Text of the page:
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Brodziak Injured, Barbashev Arrives: Blues Re-Shape Their Fourth Line

Players sound confident their game won’t change. Hitchcock sounds more skeptical.

2014 NHL Draft - Portraits Photo by Jeff Zelevansky/Getty Images

Blues fans have been awaiting the arrival of Ivan Barbashev since he was drafted 33rd overall in 2014, but for many, the circumstances may leave something to be desired.

Barbashev was recalled this morning from the Chicago Wolves and will make his NHL debut this evening in Minnesota. Though there was initial speculation that he would take a spot on a scoring line, Blues coach Ken Hitchcock ultimately decided to slot him into the fourth line spot that opened up due to Kyle Brodziak’s foot injury.

Ryan Reaves, who has been a constant presence on that effective line all season, said he wasn’t sure what to expect from Barbashev.

“We’ll find out. I’ve never played with him. I’ve only seen little flashes of him in camp, so we’ll see. We’ll see what he brings up here.”

Reaves and linemate Scottie Upshall will be shouldering the responsibility of bringing Barbashev along, and he sounded up to the task.

“Me and Uppy are going to have to help him along the way,” said Reaves. “It’s a new animal for him, so as long as we help him and he sticks to kind of a fourth line plan, I think he’ll be good.”

Barbashev himself sounded up to the challenge, mentioning he had played on AHL Chicago’s fourth line for “most of” last year.

“I know Scottie and Reavo, the way they’ve been playing, I just gotta play the same way. We’re just gonna play hard,” Barbashev said, seeming eager to step in to the lineup in any spot that was open to him.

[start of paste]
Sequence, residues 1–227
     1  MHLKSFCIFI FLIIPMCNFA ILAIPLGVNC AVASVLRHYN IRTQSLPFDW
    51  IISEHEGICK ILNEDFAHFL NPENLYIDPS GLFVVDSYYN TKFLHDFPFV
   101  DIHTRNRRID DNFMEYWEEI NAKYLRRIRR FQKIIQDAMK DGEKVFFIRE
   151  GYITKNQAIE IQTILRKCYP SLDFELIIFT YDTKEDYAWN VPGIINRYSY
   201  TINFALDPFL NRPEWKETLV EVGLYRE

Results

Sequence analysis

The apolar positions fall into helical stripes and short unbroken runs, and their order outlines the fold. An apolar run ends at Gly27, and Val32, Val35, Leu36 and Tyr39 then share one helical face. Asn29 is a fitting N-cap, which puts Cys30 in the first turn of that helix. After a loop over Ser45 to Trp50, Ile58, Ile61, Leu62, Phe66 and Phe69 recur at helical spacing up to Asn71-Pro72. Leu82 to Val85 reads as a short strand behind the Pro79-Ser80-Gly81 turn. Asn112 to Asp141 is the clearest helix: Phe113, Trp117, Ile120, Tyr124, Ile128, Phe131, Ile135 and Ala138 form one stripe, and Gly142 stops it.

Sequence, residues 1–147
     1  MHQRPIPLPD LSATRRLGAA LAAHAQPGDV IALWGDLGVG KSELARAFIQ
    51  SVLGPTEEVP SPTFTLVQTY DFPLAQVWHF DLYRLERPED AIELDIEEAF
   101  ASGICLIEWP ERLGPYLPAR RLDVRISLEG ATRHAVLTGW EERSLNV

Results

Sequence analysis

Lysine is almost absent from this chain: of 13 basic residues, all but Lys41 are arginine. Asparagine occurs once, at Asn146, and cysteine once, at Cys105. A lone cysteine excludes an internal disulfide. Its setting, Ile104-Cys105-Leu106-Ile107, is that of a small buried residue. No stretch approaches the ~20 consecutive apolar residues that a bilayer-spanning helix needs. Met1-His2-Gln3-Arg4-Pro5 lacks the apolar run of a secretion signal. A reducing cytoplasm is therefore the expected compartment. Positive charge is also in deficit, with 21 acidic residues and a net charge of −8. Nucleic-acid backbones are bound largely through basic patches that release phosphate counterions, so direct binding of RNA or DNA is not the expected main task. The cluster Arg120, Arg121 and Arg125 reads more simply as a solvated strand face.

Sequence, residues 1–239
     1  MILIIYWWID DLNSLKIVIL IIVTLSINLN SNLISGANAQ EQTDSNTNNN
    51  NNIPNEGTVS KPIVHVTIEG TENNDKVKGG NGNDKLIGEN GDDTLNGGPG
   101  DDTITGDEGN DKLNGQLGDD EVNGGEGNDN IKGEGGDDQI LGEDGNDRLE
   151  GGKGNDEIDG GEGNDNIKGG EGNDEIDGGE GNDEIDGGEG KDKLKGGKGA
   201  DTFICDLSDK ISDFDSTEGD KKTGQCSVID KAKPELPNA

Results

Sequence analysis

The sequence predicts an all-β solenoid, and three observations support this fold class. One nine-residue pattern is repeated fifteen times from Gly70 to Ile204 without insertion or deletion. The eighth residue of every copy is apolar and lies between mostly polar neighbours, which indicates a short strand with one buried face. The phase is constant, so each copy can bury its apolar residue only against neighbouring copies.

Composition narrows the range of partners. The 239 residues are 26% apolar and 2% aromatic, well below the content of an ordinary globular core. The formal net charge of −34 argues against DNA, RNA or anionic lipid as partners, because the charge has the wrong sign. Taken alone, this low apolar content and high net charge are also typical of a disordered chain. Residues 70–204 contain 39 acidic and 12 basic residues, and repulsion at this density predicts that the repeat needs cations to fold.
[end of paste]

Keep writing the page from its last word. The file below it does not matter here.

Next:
In Tuesday’s 3-0 win over the Pittsburgh Penguins, Reaves, Brodziak, and Upshall all exceeded ten minutes of ice time. Brodziak and Upshall each exceeded 13, even though Brodziak was injured early in the second period. Reaves and Upshall each scored, highlighting the line’s recent success.

“Obviously the line’s played great all year, especially lately, so I think a lot of the leadership of the line falls on Uppy and Reavo,” Ken Hitchcock said. “I think those two guys have to help Barby through the first game.”

While he offered effusive praise for Barbashev as well as the others, Hitchcock did seem to suggest that his arrival would create limitations in that line’s play.

“He’s earned the right to come up, but it’s not gonna have the same role as it did with Brodziak,” said Hitchcock. “We really used it as a secondary checking line, and we’re not really sure what Barby’s got other than the fact that he was a great player and has had a great season in the AHL. So we’ll see where it is and we’ll adjust accordingly.”

Whatever their use in this evening’s game, Ivan Barbashev is excited for his NHL debut and will have veteran leadership that will guide him through it. His role will certainly evolve with that guidance, and Hitchcock is ready to let that happen.

“You’ve got one excited player,” he said, “and two guys that are excited to take him under their wing and teach him how they want that line to play.”

Barbashev is likely to learn quickly. The question will be whether Blues fans, and more importantly Blues coaches, have the patience to allow him.